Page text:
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Radiator cold at the bottom? Here’s how to fix it

Your radiators should heat up evenly and never have cold patches when your heating is on. If you can feel cold spots on your radiators, that usually means there is a blockage preventing hot water from circulating properly. 

Radiator problems can cause a significant headache, particularly during the coldest months of the year. Fortunately, there is a simple solution to this issue, so you might be able to fix it yourself without contacting a professional.    

If one or more radiators in your home are cold at the bottom, we’re about to explain how you can put them right. 

How to check whether your radiator is working

First, check your central heating is switched on, then make sure your thermostat is not set too high. If you have thermostatic radiator valves, turn them on as well. Once your heating has kicked in, the thermostat is at a reasonable temperature, and your radiator valves are on, you can check your radiators for cold patches. 

You should feel every radiator in your home when checking for cold spots. Make sure you have a good feel of your radiators to determine which ones are not working and whether they are cool to the touch at the top or the bottom. 

If you find your radiators aren’t heating evenly or have cold spots, the likely culprit is a blockage or sludge build-up, so you will need to bleed them. 

How to fix radiators with cold patches at the bottom

If one or some of your radiators are cooler at the bottom, then chances are you need to bleed these radiators to fix the problem. Bleeding your radiators is a quick and straightforward process, provided you know what you’re doing. 

But don’t worry if you haven’t had to bleed your radiators before. You can follow our step-by-step guide on bleeding radiators below. 

1. Switch off your heating

Before you begin, turn off your central heating and wait for your radiators to cool down. If you don’t let them go cold, you could end up spraying yourself with hot water when you bleed your radiators. 

2. Lay down some sheets or towels underneath and around your radiator 

If you have a sheet or towel you don’t mind getting wet or messy, lay it down underneath and around your radiator to protect your floor. Pop another sheet or towel between the radiator and the wall to protect your paintwork or wallpaper.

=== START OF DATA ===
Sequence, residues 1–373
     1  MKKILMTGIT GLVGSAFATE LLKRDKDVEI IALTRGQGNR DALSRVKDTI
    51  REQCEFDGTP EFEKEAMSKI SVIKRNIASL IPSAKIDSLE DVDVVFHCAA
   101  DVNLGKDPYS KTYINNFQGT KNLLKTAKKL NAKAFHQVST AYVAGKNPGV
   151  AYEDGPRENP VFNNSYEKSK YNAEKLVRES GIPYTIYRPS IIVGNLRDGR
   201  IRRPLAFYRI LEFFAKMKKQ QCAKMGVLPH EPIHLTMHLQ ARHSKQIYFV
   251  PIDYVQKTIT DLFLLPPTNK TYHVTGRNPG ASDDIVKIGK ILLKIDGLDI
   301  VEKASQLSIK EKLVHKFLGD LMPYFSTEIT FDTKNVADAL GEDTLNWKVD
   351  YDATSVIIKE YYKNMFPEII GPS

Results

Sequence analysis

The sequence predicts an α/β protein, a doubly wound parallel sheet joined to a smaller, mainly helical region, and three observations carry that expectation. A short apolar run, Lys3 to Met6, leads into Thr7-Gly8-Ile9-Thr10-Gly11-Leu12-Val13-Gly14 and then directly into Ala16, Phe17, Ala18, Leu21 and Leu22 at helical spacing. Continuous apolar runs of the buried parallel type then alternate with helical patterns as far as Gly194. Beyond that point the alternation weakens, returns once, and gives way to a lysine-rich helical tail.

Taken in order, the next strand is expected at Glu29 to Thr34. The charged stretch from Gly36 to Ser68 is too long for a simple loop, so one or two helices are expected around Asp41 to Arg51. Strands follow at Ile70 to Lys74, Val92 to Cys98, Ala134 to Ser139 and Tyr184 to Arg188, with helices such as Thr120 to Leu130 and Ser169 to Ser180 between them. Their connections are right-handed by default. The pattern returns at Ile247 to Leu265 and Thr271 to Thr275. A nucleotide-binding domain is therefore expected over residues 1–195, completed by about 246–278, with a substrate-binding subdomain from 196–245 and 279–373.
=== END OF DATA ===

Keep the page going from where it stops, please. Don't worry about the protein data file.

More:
3. Grab a bowl and a small cloth or towel

Once you lay down a sheet or towel underneath your radiator, you may want to put a bowl on the floor under the radiator valve to catch any drips of water. You can also hold a small cloth or towel underneath the bleed valve. 

4. Turn off your radiator valves

Close your radiator valves until they are tightly shut.

5. Find your bleed key 

The bleed key fits into the release valve on the side of your radiator. If you can’t find one at home, you can visit any DIY store to purchase one. 

6. Bleed your radiator

Hold your bowl underneath the release valve and then put the bleed key into the valve and turn it anticlockwise. As the valve opens, you will hear a hissing noise, which is the sound of the air escaping. When a steady stream of water starts leaking from the valve, turn the key clockwise. Keep turning the key until the valve is tightly closed. 

That’s it. You’ve finished bleeding your radiator. You can now move on to the next radiator if more than one has cold patches. 

7. Switch on your heating

After bleeding the radiators, you can turn your central heating back on to check whether they are heating up correctly. 

Are your radiators still cold?

If your radiators are still cold at the bottom after bleeding them, then you should contact a Gas Safe registered engineer to identify the cause and fix the issue. They may say your central heating system needs flushing or there is a problem with your thermostatic radiator valves. You’ve already done all you can, so be sure to leave it to a professional to diagnose and repair the problem.